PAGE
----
Poland or the Republic of Poland is located in Central Europe. It neighbours Germany, The Czech Republic, Slovakia, Ukraine, Belarus, Russia and Lithuania.
Poland’s countryside is traditional and unspoiled. Tourists can visit museums, churches, rural centres, castles and traditional Polish workshops. Since Poland joined the European Union there was an influx of international travellers coming into the country and discovering its rich cultural, natural and gastronomic heritage. Travellers can indulge in history, architecture, different types of food and nature.
Poland has a reliable state-funded healthcare system. Generally, doctors in Poland are extremely well trained. Soon after Poland entered the European Union, the private healthcare sector thrived and more private clinics and hospitals were opened.
Poland also has plenty of medical universities and university hospitals: The Medical University of Bialystok, The Medical University of Warsaw, The Medical University of Poznan and many others.
Many tourists visit Poland solely for medical care, with dental care and plastic surgery being the preferred choice. Most patients come from the Scandinavian countries, Germany and Belarus but patients from the United Kingdom and United States are also quite common.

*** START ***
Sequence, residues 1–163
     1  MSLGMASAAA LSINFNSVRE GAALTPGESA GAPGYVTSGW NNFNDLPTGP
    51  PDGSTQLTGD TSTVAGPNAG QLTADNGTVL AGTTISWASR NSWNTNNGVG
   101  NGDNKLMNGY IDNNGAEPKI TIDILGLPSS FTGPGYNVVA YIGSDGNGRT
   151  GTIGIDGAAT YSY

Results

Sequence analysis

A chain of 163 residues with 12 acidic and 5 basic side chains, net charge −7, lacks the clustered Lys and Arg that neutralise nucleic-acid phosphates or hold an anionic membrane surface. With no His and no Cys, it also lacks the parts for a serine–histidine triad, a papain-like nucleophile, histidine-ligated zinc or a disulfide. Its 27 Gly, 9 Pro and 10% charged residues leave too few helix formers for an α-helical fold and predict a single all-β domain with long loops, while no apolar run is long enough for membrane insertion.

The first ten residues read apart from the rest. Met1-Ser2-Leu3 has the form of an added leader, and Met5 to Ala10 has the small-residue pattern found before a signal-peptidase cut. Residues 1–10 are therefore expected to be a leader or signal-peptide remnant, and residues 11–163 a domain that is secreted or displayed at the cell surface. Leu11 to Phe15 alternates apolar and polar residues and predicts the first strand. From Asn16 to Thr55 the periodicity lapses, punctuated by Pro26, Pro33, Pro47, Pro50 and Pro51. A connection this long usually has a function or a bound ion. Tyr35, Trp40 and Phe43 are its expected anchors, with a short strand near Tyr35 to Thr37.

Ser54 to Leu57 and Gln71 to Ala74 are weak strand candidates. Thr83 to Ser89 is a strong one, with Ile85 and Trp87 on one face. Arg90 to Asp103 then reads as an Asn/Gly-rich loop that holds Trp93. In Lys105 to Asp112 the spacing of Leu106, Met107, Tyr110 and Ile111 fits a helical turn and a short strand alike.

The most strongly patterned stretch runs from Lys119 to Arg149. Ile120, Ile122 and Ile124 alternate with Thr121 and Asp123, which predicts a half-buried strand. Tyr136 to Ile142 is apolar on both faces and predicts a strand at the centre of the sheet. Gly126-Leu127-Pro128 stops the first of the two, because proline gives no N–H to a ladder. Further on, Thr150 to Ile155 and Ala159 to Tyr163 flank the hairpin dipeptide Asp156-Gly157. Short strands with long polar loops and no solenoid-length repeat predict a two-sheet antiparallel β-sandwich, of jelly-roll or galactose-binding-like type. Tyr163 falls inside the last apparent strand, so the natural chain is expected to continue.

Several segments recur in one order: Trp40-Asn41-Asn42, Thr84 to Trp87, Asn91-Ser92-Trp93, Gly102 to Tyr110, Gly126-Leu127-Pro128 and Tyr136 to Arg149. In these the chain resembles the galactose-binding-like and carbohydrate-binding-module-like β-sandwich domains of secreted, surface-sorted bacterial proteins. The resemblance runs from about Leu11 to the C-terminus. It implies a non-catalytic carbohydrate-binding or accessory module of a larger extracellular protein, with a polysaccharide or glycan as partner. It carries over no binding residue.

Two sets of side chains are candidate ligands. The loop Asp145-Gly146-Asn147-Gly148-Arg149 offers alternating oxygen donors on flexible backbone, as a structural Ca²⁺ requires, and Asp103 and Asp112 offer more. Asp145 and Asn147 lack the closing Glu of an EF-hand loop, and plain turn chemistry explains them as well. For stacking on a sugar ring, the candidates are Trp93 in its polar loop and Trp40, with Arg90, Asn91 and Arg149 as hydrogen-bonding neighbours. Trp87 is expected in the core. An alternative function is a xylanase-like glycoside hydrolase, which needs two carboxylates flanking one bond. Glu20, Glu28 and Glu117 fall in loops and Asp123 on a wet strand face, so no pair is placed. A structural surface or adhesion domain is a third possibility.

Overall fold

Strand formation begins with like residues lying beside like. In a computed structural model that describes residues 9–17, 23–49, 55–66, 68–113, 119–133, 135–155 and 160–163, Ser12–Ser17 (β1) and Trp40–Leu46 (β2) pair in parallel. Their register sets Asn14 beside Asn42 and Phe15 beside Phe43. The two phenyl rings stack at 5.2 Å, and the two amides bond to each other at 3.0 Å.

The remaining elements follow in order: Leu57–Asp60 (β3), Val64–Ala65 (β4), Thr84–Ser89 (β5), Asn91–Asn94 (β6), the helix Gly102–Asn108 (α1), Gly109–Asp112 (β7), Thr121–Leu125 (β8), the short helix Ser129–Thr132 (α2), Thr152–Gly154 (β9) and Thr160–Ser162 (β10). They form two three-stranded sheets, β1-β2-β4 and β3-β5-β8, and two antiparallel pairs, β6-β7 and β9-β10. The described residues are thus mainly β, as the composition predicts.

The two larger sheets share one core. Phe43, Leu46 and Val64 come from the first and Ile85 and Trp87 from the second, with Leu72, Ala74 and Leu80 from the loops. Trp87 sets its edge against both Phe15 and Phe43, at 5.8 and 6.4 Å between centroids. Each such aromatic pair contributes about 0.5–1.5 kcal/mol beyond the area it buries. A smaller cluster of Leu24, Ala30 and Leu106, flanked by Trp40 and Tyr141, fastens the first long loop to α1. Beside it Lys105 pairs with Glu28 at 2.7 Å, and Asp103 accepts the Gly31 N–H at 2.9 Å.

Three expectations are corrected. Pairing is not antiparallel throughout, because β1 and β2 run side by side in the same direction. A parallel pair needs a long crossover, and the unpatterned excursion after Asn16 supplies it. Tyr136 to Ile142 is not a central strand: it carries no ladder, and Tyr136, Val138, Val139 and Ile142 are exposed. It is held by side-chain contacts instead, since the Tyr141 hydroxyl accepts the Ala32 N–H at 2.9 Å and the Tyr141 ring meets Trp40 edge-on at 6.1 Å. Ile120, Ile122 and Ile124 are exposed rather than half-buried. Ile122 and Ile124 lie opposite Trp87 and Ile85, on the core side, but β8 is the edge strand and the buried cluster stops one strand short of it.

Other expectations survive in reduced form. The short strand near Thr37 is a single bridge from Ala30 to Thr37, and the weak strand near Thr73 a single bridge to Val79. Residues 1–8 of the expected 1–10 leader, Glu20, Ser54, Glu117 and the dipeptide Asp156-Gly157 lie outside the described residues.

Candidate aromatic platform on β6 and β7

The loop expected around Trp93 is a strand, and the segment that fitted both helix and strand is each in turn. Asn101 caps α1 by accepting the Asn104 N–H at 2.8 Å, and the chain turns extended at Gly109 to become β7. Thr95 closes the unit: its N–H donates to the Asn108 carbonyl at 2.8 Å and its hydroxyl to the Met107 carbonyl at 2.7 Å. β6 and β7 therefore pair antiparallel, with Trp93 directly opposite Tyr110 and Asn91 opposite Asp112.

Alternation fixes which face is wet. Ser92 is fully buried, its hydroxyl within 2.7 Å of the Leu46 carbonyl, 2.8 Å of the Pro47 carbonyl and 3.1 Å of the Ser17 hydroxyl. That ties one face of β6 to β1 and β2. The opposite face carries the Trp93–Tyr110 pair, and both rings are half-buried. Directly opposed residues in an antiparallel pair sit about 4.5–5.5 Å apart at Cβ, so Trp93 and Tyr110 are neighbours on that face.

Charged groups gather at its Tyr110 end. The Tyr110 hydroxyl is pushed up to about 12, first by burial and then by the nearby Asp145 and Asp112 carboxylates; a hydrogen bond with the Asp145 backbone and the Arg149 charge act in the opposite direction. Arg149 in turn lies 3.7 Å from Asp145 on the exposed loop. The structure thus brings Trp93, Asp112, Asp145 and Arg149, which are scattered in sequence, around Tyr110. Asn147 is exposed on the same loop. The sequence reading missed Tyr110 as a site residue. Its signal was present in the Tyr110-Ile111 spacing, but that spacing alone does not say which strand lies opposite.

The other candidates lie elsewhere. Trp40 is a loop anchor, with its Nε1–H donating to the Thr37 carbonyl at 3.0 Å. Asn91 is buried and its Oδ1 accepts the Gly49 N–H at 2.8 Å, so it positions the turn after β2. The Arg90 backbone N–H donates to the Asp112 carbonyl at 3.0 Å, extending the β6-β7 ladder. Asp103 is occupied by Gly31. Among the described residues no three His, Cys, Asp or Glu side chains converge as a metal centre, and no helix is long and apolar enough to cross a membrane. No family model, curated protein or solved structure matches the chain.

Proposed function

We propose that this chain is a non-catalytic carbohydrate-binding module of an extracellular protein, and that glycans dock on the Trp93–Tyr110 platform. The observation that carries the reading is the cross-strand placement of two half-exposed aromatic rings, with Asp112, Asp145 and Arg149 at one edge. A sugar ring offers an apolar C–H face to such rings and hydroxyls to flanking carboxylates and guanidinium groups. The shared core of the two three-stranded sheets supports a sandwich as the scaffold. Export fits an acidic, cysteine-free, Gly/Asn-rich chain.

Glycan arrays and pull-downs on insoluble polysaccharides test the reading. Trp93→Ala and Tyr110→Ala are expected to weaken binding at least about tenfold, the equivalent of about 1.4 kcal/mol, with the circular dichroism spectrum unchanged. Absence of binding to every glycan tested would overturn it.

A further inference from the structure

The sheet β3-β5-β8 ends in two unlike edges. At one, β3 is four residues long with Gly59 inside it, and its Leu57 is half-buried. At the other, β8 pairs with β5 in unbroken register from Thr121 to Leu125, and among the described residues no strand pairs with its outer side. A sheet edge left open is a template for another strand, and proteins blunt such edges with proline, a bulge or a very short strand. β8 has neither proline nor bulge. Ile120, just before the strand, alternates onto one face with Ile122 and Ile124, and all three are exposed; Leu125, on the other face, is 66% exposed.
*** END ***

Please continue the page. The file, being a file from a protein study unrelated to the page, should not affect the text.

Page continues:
Some of the most important cities in Poland are:
Warsaw – The capital of Poland and a thriving business centre
Gdansk – Formerly known as Danzig
Cracow – The Cultural Capital of Poland
Poznan – It is considered to be the birthplace of the Polish nation
Sights to See
Cracow is the Cultural Capital of Poland. It’s also Poland’s historical capital in the middle ages. The old town of Cracow is filled with monuments, churches and traditional Polish buildings. Cracow is also the home to Europe’s largest medieval market place. Cracow’s old town is an UNESCO World Heritage Site.
The Bialowieza National Park is an UNESCO World Heritage Site – it’s a huge area of woodland on the border with Belarus.
Malbork Castle is the biggest red brick Gothic castle in Europe. This is also an UNESCO World Heritage Site.
Slowinski National Park is the home to the biggest dunes in Europe. It’s also very close to the Baltic Sea so a trip is well worth it.
The Wieliczka Salt Mine is the oldest enterprise in the world and one of the most beautiful places in Poland. The salt mine has been operational since the 13th century and it has its own Church built entirely out of salt. The salt statues built by the miners themselves are also worth seeing.
Things to Know
● Poland has a temperate climate mostly. Summers are generally quite warm and delightful while winters are rather cold. Polish winters are generally dry and precipitations are a bit rarer than in the summer months.
● Poland’s main airport is Warsaw International Airport (WAW). Tourists can find direct flights to almost any European capital. Intercontinental flights to the US or China are also quite common.
● The official language in Poland is Polish but English, German and French are also popular languages, especially among younger individuals.
● Poland uses the Zloty (PLN) as currency. One Euro is roughly 4.2 PLNs. Tourists are advised not to use the currency exchanges in airports or hotels.
● Poland uses the 230V, 50Hz electrical system fitted with European style plugs but it’s not uncommon to find adapters for British or American style plugs.